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California Utility May Replace IT Workers with H-1B Workers

Eravnrekaree Re:IMPOSSIBLE (214 comments)

Democrats love stealing jobs from Americans as well. Democrats though particularly love victimizing and stealing jobs from low income americans by replacing them with illegal aliens. Though, Democrats i am sure are fine with the H1B program, anything other than American is preferable to them, they have such a hatred of natural born American citizens they will do anything they can to undermine them, ruin their lives, steal their jobs, etc. They will then steal your money and give it to the illegal aliens in the form of welfare fraud which democrats actually love and want.

2 days ago
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Apache OpenOffice Reaches 100 Million Downloads. Now What?

Eravnrekaree Re:I wonder how much damage... (281 comments)

OO once had a calculator and mail program. Why not simply bring it back?

3 days ago
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Retired SCOTUS Justice Wants To 'Fix' the Second Amendment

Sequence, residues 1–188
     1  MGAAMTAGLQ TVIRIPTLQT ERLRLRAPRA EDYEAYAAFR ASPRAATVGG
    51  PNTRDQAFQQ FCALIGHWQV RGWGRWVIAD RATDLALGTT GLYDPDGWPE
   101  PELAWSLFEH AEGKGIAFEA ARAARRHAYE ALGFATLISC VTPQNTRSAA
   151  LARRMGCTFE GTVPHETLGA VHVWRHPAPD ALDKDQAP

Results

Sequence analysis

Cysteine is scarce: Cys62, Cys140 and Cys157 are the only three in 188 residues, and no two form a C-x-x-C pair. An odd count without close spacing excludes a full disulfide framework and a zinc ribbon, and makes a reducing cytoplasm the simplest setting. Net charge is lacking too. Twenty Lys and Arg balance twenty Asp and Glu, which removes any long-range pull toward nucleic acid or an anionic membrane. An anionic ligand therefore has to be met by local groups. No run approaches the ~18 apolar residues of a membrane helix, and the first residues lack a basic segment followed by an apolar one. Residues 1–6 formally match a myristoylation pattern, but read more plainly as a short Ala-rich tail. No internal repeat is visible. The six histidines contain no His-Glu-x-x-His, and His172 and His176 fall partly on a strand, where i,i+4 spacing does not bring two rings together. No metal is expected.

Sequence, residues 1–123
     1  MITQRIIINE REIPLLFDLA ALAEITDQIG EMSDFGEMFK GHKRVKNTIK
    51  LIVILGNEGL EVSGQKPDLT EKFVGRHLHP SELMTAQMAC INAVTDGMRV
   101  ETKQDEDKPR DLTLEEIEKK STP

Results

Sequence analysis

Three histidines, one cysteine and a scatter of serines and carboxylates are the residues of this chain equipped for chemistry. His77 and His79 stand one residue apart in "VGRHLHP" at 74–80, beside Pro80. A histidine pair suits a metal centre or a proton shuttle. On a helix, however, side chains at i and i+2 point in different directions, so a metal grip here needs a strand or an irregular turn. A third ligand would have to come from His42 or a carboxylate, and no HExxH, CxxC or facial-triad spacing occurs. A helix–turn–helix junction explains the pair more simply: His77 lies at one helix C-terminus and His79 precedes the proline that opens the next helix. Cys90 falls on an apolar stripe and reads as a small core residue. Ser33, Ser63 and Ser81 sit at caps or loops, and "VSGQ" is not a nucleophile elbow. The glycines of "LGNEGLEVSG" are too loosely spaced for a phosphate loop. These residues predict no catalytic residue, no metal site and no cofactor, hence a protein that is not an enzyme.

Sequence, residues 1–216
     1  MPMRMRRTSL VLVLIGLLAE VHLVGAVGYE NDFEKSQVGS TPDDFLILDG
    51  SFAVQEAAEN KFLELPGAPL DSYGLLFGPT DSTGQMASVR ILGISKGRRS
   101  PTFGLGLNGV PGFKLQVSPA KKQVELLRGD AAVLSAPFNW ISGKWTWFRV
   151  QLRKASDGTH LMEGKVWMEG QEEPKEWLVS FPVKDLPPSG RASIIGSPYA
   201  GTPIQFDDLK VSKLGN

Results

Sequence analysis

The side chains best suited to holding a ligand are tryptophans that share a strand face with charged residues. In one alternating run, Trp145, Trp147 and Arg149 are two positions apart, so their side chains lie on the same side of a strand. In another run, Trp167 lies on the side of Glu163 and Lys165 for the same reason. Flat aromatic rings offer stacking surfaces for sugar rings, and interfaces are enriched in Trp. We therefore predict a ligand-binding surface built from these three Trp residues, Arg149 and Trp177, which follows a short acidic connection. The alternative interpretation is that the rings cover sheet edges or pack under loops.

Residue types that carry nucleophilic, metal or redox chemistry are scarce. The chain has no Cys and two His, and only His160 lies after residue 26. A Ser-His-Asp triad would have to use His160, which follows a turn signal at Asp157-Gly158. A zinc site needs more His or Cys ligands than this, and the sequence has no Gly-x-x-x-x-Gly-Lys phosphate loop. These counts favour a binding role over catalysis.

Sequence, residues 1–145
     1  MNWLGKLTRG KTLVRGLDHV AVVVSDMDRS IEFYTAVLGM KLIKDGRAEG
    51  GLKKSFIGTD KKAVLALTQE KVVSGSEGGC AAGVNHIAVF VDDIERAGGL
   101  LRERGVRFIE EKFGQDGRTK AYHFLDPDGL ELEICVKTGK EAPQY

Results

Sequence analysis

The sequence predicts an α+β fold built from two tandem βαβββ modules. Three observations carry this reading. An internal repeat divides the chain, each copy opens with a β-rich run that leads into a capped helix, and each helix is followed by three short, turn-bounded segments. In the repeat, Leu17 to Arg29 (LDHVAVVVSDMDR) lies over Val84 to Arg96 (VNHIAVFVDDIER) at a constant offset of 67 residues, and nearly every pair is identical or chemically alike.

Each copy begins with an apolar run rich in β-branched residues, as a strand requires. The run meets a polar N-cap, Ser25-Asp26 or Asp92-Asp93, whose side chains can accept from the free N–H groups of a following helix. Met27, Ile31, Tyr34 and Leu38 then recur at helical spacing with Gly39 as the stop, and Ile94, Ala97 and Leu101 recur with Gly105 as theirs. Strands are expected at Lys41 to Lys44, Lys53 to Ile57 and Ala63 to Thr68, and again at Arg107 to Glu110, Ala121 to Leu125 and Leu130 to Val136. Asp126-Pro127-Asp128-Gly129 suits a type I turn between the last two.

Eravnrekaree Arm the general population (1585 comments)

This is all about government being able to expand its power and make sure that the citizens lives are controlled by government rather than vice versa, by people who are obsessed with power and basically want to be dictators, to have unlimited power over peoples lives. They want a defenseless population and this leads to dictatorships.

I agree, that the general population in the country should be provided arms, as it is done in Switzerland.

4 days ago
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How Does Heartbleed Alter the 'Open Source Is Safer' Discussion?

Eravnrekaree Better documentation of source code is needed (580 comments)